This case presents some of the basic concepts of aggregate plan-ning by the transportation method. The case involves solving arather complex set of transportation problems. Four different con-ﬁgurations of operating plants have to be tested. The solutions, al-though requiring relatively few iterations to optimality, involvedegeneracy if solved manually. The costs are
The lowest weekly total cost, operating plants 1 and 3 with 2closed, is $217,430. This is $3,300 per week ($171,600 per year)or 1.5% less than the next most economical solution, operating allthree plants. Closing a plant without expanding the capacity of theremaining plants means unemployment. The optimum solution,using plants 1 and 3, indicates overtime production of 4,000 unitsat plant 1 and 0 overtime at plant 3. The all-plant optima have nouse of overtime and include substantial idle regular time capacity:11,000 units (55%) in plant 2 and either 5,000 units in plant 1(19% of capacity) or 5,000 in plant 3 (20% of capacity). The idledcapacity versus unemployment question is an interesting, non-quantitative aspect of the case and could lead to a discussion of theforecasts for the housing market and thus the plant’s product.The optimum producing and shipping pattern is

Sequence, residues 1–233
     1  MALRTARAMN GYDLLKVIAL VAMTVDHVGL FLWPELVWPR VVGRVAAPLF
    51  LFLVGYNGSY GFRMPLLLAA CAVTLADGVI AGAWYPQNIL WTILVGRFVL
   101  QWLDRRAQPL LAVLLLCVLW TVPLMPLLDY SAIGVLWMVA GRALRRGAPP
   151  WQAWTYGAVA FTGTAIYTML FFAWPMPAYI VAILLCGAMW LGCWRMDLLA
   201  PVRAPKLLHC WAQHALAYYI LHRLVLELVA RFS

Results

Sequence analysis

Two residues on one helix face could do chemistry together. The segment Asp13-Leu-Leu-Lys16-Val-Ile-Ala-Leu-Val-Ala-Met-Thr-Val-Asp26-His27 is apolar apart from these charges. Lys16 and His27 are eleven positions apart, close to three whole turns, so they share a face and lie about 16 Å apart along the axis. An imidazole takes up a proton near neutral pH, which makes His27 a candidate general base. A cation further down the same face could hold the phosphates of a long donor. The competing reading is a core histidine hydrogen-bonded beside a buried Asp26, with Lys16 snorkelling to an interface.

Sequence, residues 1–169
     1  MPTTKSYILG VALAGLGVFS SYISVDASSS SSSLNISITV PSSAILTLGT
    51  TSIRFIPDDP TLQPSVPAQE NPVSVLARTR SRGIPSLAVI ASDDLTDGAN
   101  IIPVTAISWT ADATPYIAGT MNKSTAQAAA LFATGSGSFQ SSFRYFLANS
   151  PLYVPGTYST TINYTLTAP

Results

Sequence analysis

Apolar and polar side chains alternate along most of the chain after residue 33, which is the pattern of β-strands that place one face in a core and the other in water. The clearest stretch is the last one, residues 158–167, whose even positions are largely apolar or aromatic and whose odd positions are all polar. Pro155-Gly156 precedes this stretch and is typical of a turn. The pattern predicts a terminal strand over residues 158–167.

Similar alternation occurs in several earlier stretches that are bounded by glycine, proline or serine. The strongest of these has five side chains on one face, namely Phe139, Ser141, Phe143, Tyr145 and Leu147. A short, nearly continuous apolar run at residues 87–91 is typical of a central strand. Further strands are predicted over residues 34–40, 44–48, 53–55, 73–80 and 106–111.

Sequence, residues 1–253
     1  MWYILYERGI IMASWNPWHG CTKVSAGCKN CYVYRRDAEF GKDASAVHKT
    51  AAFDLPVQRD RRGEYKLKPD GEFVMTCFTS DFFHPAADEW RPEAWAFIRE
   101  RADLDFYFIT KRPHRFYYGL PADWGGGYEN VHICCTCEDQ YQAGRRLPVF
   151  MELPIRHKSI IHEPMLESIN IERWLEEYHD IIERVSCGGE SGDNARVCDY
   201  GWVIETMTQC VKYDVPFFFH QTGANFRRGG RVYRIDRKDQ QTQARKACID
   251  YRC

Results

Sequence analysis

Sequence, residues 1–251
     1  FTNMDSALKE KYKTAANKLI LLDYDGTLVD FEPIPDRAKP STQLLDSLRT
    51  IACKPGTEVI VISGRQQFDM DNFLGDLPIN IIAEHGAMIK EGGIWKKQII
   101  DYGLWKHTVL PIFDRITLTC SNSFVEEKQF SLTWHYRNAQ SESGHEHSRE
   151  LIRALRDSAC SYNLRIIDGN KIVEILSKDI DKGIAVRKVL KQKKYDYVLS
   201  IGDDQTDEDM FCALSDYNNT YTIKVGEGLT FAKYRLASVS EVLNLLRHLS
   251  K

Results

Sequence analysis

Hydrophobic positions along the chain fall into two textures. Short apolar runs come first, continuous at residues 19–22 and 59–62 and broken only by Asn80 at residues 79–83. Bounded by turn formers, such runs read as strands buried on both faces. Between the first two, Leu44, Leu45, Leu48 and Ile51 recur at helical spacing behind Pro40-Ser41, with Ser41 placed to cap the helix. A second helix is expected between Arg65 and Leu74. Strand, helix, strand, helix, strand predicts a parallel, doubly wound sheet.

There are three alternative optimal producing and shipping pat-terns, where R.T = regular time, O.T.= overtime, and W= warehouse. Getting the solution manually should not be attempted usingthe northwest corner rule. It will take eight tableaux to do the “allplants” conﬁguration, with degeneracy appearing in the seventhtableau; the “1 and 2” conﬁguration takes ﬁve tableaux; and so on.It is strongly suggested that software be used.
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